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Take a spray bottle and lightly spray down the floor and walls of your booth with water before painting.

The water will help control the dust and debre and keep it away from your paintjob.

It also helps prevent static charge. :D

Edited by DGW

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Get busy and clean your basement. And those paper coveralls you see painters wearing aren't just to prevent them from getting their clothes dirty. They also prevent dust, lint ...and hair from contaminating the work.

So true .... that's why I paint naked. :D

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So true .... that's why I paint naked. :D

A thong may be a better choice. You don't want to gum up the works. LOL :D

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Get busy and clean your basement. And those paper coveralls you see painters wearing aren't just to prevent them from getting their clothes dirty. They also prevent dust, lint ...and hair from contaminating the work.

So true .... that's why I paint naked. :D

But that doesn't work for me, I'm too hairy. My friends call me a baby gorilla. I probably contribute more hair to the house than the dog. Even the Borat thong won't help.

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Are you sure it's actually hair? nitrocellulose is naturally hairy and sometimes little strands stick together in the air as you're spraying and look like hair on the finish, but it'll just redisolve in the next coat. I've airbrushed with lacquer paint and when it's not thin enough it completely dries in the air and comes out like spiderwebs.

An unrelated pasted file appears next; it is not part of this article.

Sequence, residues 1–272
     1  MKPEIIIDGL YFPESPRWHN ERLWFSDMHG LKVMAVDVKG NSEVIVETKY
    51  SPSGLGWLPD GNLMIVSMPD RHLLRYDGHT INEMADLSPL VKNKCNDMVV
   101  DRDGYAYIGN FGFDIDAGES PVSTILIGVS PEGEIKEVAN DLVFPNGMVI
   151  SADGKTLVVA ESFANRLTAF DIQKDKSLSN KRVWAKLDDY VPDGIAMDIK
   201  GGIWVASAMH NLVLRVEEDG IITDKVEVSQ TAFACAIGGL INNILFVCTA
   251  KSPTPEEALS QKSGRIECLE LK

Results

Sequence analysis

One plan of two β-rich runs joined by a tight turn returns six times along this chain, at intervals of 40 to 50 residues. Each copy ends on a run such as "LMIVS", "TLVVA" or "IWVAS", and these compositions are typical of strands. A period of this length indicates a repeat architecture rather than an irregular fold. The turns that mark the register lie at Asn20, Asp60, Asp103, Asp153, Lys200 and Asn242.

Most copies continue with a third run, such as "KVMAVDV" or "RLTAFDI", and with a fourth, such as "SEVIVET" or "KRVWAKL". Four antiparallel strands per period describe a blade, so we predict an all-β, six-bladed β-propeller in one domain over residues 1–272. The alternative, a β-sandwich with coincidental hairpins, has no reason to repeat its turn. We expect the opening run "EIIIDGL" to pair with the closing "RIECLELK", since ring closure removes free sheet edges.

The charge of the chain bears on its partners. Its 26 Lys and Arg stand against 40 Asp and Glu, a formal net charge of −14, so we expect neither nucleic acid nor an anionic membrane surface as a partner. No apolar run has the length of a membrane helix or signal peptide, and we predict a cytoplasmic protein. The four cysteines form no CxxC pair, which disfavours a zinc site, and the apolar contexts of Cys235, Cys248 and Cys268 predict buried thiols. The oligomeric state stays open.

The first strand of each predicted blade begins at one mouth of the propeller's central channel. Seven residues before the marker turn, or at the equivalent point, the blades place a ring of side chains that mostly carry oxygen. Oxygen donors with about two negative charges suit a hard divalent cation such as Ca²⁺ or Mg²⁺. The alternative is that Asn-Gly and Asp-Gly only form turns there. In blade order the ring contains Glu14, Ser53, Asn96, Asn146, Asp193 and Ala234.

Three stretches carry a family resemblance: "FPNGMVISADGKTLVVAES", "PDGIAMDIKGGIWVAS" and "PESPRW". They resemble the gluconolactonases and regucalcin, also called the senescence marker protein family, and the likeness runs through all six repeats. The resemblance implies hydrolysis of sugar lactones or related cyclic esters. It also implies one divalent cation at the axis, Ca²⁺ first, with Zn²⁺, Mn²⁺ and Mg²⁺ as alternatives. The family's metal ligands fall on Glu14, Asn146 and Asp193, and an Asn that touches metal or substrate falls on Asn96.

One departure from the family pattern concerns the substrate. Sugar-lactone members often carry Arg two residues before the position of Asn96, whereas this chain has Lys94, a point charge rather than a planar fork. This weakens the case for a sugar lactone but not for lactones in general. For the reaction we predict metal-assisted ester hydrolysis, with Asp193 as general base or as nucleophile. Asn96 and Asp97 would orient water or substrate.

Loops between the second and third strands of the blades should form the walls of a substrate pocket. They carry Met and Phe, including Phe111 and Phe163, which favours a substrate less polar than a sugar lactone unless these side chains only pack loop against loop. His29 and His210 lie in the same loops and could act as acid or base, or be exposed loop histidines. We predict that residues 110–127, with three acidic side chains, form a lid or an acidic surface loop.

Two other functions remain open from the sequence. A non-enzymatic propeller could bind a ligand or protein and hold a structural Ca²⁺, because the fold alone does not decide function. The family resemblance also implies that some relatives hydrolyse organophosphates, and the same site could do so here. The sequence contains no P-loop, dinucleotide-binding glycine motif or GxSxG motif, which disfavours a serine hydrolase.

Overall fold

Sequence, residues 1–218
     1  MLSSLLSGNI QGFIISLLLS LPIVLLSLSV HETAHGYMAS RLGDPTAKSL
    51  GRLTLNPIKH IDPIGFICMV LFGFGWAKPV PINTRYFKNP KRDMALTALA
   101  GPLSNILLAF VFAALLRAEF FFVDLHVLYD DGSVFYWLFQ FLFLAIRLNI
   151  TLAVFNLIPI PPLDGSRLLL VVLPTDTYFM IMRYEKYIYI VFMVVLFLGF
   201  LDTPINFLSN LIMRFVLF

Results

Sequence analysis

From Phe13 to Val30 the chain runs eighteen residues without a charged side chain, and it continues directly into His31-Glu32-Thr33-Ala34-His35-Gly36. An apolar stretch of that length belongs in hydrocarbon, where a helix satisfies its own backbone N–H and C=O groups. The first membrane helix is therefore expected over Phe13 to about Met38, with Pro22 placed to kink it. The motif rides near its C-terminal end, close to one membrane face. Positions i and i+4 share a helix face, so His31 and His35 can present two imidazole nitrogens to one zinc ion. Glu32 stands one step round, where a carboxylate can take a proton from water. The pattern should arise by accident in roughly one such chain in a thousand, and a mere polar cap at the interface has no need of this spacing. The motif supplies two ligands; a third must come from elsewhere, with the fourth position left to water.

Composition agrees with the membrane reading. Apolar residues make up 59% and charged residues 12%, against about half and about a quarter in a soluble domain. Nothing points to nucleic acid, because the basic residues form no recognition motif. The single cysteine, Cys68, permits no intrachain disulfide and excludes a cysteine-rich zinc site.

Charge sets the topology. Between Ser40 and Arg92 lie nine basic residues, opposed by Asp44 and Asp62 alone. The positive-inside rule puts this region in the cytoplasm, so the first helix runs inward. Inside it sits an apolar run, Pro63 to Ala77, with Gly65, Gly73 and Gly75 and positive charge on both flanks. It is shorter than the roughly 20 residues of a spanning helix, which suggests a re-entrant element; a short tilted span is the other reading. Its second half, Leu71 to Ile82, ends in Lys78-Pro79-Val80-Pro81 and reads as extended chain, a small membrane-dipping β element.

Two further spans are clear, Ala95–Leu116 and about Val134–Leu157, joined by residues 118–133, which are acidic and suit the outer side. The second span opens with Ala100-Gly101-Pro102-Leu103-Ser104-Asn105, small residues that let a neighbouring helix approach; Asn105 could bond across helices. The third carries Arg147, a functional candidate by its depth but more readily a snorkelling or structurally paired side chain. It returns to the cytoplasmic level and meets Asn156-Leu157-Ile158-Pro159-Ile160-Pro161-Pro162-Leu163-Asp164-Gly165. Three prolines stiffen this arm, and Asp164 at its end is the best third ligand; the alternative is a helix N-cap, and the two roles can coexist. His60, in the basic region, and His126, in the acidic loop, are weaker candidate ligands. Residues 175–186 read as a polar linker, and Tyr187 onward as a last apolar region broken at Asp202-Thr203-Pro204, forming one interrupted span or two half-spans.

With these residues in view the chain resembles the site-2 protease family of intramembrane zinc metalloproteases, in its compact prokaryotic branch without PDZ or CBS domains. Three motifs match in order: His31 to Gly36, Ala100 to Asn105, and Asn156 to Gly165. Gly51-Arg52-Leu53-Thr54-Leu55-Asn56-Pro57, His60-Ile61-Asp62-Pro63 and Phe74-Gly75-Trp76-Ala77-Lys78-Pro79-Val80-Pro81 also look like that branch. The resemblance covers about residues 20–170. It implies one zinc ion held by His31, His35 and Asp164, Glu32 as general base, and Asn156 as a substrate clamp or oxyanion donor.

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nitrocellulose is naturally hairy

huh??!!

I know, you cant make a statement like that without being able to back it up, so here's a picture of some red lacquer i just sprayed (which i intentionally sprayed badly to show this effect): hairy lacquer

If it starts to dry out in the air it likes to stick together in long hair-like strands as opposed to blobs, so = hairy :D

It looks like you've sprayed paint onto dust that was already there, but really it's the paint itself.

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nitrocellulose is naturally hairy

huh??!!

I know, you cant make a statement like that without being able to back it up, so here's a picture of some red lacquer i just sprayed (which i intentionally sprayed badly to show this effect): hairy lacquer

If it starts to dry out in the air it likes to stick together in long hair-like strands as opposed to blobs, so = hairy :D

It looks like you've sprayed paint onto dust that was already there, but really it's the paint itself.

Me thinks what you're seeing is just the fibers from the cardboard you sprayed it on. :D

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nitrocellulose is naturally hairy

huh??!!

I know, you cant make a statement like that without being able to back it up, so here's a picture of some red lacquer i just sprayed (which i intentionally sprayed badly to show this effect): hairy lacquer

If it starts to dry out in the air it likes to stick together in long hair-like strands as opposed to blobs, so = hairy :D

It looks like you've sprayed paint onto dust that was already there, but really it's the paint itself.

Me thinks what you're seeing is just the fibers from the cardboard you sprayed it on. :D

Would you like to see the same picture with a spray on plastic ? Believe what you want... my 2 cents is if you've done everything to keep dust away and it still looks dusty, it's probably just the lacquer so don't worry about it. You can lightly sand the strands off when it dries.

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So true .... that's why I paint naked. :D

A thong may be a better choice. You don't want to gum up the works. LOL :D

Backwards